What are the chances as many as two players starring in Finland are taken in the opening round of the 2011 Entry Draft on June 24?

It's hard to believe the country that has provided such current NHL standouts as Teemu Selanne, Mikko Koivu, Miikka Kiprusoff, Kimmo Timonen and Niklas Backstrom has failed to produce multiple first-round picks in seven years. The last time it happened was 2004, when forwards Lauri Tukonen (No. 11, Kings), Petteri Nokelainen (No. 16, Islanders) and Lauri Korpikoski (No. 19, Rangers) were tabbed.

This year, there appears to be as many as three frontrunners at forward and a highly coveted goalie in Samu Perhonen, who NHL Central Scouting has rated No. 1 at his position among European players.

Following the top two Swedes on the European draft board -- defenseman Adam Larsson of Skelleftea and center Mika Zibanejad of Djurgarden -- don't be surprised if Finland's Joel Armia of Assat Pori or Miikka Salomaki of Karpat are the next European-trained players to be taken. Perhonen might not be too far behind North American goalies John Gibson of the U.S. National Team Development Program and Christopher Gibson of the Chicoutimi Sagueneens (a native of Karkkila, Finland).

Then there's the intrigue surrounding Markus Granlund, the younger brother of Mikael Granlund, a first-round pick by the Minnesota Wild last year. Mikael Granlund's lacrosse-style goal against Russia in the semifinal round of the IIHF World Championship in May was immortalized on a first-class stamp in the country.

And, yes, Markus has a similar type move up his sleeve.

"I have my own style, but he's my brother, so of course we learn from each other," Markus Granlund told NHL.com. "I'm not so sure what things he might learn from me, though. Mikael's got more power and he's stronger than me but we are our own players."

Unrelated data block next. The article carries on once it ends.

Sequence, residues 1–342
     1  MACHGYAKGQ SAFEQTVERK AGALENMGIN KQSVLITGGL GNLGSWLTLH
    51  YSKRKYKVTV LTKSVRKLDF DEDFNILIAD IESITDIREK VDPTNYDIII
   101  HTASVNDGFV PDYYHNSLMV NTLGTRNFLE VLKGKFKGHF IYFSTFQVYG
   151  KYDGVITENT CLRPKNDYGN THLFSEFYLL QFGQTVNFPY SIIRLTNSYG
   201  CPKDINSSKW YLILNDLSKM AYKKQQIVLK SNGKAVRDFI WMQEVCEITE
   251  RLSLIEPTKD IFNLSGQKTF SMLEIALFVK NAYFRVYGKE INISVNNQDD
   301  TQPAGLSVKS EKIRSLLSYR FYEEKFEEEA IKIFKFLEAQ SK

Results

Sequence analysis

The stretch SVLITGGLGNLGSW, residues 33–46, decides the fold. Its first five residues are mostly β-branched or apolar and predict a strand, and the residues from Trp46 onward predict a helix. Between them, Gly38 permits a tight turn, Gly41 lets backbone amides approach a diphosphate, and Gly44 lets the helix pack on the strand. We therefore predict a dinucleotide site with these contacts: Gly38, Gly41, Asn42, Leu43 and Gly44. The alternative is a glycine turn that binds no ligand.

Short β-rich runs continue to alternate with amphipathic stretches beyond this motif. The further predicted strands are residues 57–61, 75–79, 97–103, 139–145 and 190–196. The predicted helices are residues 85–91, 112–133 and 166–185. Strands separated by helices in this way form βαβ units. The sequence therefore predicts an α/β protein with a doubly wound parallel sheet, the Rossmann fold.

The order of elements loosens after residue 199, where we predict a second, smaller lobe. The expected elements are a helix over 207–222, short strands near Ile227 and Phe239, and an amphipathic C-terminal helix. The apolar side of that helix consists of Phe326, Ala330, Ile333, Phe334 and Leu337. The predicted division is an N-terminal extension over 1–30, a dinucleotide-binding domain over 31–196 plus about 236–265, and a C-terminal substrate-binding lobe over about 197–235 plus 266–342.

The top-ranked Finnish skater on Central Scouting's board is Armia, who is No. 4.

Assat Pori coach Pekka Rautakallio needed just one month to determine that the 18-year-old right wing was talented enough to play on the top line in Assat, one of the top teams in Finland's top professional league, SM-liiga.

"I just thought he was ready to play on our first line and we just needed to find the right center to play alongside him," Rautakallio told NHL.com. "We finished second in the league with Joel our first-line right winger and he finished second on the team in goals (18)."

Armia and Markus Granlund were catalysts for Finland's fifth-place showing at the World Under-18 Championship in Germany in April, combining for 6 goals, 23 points and a plus-6 rating. However, NHL Director of European Scouting Goran Stubb doesn't see many similarities between the two.

"Armia is the sniper and Markus is the playmaker," Stubb told NHL.com. "Markus is at his best running the power play and Armia is bigger (6-foot-3, 191 pounds) and stronger and the scorer. That will probably put Armia ahead on draft day. Armia is also more mature since he played regular in the Finnish league with Assat."

When asked to compare Armia to another Finnish player he either played with, against or coached, Rautakallio refused.

"He's going to be a different kind of Finn in the NHL," Rautakallio said. "He just needs to add a couple more kilos to that frame of his. I know there have been comparisons to Teemu Selanne, but while they both have that sniper mentality, Teemu was quicker when he arrived in the NHL.